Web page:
Or the class cheerleader punchboard/poke/tramp who turns out to be totally gay.
Yes, there are many surprises with the old class.
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Old 10-18-2007, 05:41 PM   #32
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Nords---and anyone else---
Why do you think that a 55th class reunion would attract so many people, whereas lower ones don't? Especially when you consider that these people are pushing 80 and conceivably have less energy than people 30 years younger? It seems as if the possibilities could be:
* since it was the USNA, that fosters a different/stronger bond than people from nonmilitary schools.
* younger people have less social skills/interest than previous generations.
* older people don't have as much time left to procrastinate and want to connect before it's too late.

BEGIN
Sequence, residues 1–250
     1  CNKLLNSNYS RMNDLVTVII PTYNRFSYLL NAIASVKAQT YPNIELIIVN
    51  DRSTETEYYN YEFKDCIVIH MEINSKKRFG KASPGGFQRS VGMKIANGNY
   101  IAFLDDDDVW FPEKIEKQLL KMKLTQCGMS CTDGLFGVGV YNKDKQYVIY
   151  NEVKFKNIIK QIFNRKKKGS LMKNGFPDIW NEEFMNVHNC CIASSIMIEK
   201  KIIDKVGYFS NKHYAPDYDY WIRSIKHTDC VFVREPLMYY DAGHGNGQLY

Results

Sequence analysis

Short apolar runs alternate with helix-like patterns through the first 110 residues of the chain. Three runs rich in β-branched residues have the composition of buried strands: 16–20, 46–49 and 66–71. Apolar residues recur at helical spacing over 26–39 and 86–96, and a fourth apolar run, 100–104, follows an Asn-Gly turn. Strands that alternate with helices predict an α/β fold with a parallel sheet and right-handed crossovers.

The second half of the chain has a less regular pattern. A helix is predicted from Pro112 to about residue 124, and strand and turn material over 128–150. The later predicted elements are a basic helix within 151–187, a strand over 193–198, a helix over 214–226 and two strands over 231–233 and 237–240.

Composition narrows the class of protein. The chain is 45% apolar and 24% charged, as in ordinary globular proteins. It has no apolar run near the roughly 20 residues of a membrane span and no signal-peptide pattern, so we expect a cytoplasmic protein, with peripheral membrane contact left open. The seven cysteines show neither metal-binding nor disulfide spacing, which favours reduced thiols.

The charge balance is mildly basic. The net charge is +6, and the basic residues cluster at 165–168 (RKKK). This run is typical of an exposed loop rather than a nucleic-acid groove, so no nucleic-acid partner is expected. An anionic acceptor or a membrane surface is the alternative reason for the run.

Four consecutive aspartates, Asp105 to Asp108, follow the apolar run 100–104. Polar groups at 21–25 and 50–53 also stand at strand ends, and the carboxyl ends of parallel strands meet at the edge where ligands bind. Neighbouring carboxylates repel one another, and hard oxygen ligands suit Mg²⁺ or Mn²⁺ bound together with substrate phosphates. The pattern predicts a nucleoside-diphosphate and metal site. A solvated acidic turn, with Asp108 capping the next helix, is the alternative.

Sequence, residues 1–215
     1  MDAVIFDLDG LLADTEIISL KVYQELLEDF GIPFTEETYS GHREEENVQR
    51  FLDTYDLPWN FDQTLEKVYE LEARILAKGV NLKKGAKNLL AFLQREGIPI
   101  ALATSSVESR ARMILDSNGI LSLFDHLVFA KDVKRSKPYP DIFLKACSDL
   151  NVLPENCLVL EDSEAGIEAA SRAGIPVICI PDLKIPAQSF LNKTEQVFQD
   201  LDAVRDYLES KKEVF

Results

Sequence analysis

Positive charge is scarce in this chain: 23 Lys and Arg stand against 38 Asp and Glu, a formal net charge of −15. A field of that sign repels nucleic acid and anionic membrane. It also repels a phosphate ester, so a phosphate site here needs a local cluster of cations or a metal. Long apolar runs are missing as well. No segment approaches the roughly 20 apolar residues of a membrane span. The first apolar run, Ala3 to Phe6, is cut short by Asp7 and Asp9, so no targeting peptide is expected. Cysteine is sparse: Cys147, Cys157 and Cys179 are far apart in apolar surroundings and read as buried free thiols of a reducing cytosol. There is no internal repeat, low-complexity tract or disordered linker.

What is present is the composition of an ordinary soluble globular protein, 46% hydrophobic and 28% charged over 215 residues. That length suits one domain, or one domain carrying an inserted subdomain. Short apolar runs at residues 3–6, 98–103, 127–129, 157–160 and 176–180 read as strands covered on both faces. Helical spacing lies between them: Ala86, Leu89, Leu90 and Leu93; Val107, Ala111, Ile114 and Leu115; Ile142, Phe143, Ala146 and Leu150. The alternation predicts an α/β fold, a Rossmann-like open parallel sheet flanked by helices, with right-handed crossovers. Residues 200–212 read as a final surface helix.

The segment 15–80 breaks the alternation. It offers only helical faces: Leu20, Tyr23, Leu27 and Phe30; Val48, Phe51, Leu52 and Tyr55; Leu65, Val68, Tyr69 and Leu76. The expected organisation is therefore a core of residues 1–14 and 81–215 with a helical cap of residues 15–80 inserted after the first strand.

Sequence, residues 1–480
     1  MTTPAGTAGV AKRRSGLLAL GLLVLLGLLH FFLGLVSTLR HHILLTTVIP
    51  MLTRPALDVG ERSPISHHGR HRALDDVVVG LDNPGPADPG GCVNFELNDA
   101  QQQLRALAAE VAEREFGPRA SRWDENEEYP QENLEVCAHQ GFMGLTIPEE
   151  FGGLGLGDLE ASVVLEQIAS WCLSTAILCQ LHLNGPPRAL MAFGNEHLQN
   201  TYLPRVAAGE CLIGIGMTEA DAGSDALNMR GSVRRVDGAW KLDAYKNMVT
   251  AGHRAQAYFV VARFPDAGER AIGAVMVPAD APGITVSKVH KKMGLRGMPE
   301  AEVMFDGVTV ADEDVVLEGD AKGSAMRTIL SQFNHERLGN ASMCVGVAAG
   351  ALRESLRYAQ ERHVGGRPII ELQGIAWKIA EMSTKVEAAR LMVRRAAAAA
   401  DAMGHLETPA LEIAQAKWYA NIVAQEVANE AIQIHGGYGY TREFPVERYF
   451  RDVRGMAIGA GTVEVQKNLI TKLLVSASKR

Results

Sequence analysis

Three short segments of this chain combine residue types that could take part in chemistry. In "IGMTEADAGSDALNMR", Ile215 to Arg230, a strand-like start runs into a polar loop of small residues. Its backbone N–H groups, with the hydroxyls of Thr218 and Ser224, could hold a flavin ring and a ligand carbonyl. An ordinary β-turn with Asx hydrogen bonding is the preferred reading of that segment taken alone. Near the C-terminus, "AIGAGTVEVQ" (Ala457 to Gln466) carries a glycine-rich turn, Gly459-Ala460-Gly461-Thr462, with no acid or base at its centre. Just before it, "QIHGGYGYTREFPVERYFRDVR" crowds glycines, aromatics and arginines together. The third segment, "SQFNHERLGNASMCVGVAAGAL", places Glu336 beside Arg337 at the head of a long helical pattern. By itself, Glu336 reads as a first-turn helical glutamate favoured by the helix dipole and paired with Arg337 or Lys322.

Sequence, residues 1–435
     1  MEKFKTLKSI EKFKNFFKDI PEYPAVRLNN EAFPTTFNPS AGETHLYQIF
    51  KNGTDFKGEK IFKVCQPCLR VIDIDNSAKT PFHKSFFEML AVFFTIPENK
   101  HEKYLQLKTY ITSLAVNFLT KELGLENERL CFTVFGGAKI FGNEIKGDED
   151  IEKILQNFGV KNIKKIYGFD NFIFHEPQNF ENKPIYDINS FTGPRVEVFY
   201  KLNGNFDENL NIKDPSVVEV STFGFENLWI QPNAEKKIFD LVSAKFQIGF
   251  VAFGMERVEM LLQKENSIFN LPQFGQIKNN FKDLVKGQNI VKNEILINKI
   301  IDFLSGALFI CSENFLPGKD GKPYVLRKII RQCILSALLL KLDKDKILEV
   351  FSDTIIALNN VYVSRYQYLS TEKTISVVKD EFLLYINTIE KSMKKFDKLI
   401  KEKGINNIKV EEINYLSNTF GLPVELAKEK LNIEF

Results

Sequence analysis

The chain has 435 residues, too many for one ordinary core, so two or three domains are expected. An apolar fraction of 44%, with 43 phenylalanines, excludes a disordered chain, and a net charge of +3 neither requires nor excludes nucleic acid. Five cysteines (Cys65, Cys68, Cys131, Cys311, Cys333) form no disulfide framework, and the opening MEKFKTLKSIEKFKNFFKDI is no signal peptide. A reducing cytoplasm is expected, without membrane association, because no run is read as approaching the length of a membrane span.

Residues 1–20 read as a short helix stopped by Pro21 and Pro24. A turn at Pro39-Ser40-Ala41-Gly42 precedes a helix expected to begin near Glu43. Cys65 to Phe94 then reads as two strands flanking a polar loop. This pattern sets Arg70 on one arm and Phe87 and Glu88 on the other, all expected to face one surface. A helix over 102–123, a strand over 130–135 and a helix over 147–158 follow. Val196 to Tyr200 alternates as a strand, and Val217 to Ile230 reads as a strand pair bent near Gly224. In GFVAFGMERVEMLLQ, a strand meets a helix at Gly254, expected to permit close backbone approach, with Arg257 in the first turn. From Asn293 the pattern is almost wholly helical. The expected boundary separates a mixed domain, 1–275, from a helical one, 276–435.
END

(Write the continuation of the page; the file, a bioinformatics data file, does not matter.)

* younger people may have busier lives and more travel opportunities to go back to reunions than older ones, who may be looking for a safe, sedate vacation.
I've even noticed in my college alumni newsletters that there is a lot of writeups of people who graduated in the past five years or so and people who graduated forty to fifty years ago, but minimal activity from people who graduated 30ish years ago.
Well, these guys were a special group. Class of '50 graduated something like 900+ and walked straight into the Korean War followed by Vietnam, so a lot of ties were forged by that experience.

But I think it's "all of the above" and a bit more. Admittedly we were seeing the survivors who were still sentient, had some mobility, and could afford to spend the money. Almost everyone had the time because very few were still working. Most were still happily married but some of them were on trophy wife #2 or even #3.